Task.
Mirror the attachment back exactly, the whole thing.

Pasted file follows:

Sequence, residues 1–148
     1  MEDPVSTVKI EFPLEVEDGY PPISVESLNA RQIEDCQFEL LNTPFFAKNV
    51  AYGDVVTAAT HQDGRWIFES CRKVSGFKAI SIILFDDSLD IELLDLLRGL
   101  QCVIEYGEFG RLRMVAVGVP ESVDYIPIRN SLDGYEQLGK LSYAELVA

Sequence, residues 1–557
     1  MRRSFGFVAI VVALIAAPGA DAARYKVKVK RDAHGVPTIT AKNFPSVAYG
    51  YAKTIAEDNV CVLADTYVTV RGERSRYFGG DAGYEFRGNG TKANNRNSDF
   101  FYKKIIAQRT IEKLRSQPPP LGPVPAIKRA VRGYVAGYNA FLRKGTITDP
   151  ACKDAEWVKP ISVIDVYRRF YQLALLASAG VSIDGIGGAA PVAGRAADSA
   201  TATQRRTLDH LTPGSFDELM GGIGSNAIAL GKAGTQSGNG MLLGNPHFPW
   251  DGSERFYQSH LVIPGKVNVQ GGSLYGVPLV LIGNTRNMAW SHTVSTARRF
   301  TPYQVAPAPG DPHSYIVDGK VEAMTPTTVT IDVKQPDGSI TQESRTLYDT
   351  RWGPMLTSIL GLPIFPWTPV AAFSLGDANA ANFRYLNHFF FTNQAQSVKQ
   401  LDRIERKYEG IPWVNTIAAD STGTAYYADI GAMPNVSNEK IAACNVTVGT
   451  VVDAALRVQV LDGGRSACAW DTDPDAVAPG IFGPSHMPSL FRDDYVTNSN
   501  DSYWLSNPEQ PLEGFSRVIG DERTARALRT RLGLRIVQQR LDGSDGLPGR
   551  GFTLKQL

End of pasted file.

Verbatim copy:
Sequence, residues 1–148
     1  MEDPVSTVKI EFPLEVEDGY PPISVESLNA RQIEDCQFEL LNTPFFAKNV
    51  AYGDVVTAAT HQDGRWIFES CRKVSGFKAI SIILFDDSLD IELLDLLRGL
   101  QCVIEYGEFG RLRMVAVGVP ESVDYIPIRN SLDGYEQLGK LSYAELVA

Sequence, residues 1–557
     1  MRRSFGFVAI VVALIAAPGA DAARYKVKVK RDAHGVPTIT AKNFPSVAYG
    51  YAKTIAEDNV CVLADTYVTV RGERSRYFGG DAGYEFRGNG TKANNRNSDF
   101  FYKKIIAQRT IEKLRSQPPP LGPVPAIKRA VRGYVAGYNA FLRKGTITDP
   151  ACKDAEWVKP ISVIDVYRRF YQLALLASAG VSIDGIGGAA PVAGRAADSA
   201  TATQRRTLDH LTPGSFDELM GGIGSNAIAL GKAGTQSGNG MLLGNPHFPW
   251  DGSERFYQSH LVIPGKVNVQ GGSLYGVPLV LIGNTRNMAW SHTVSTARRF
   301  TPYQVAPAPG DPHSYIVDGK VEAMTPTTVT IDVKQPDGSI TQESRTLYDT
   351  RWGPMLTSIL GLPIFPWTPV AAFSLGDANA ANFRYLNHFF FTNQAQSVKQ
   401  LDRIERKYEG IPWVNTIAAD STGTAYYADI GAMPNVSNEK IAACNVTVGT
   451  VVDAALRVQV LDGGRSACAW DTDPDAVAPG IFGPSHMPSL FRDDYVTNSN
   501  DSYWLSNPEQ PLEGFSRVIG DERTARALRT RLGLRIVQQR LDGSDGLPGR
   551  GFTLKQL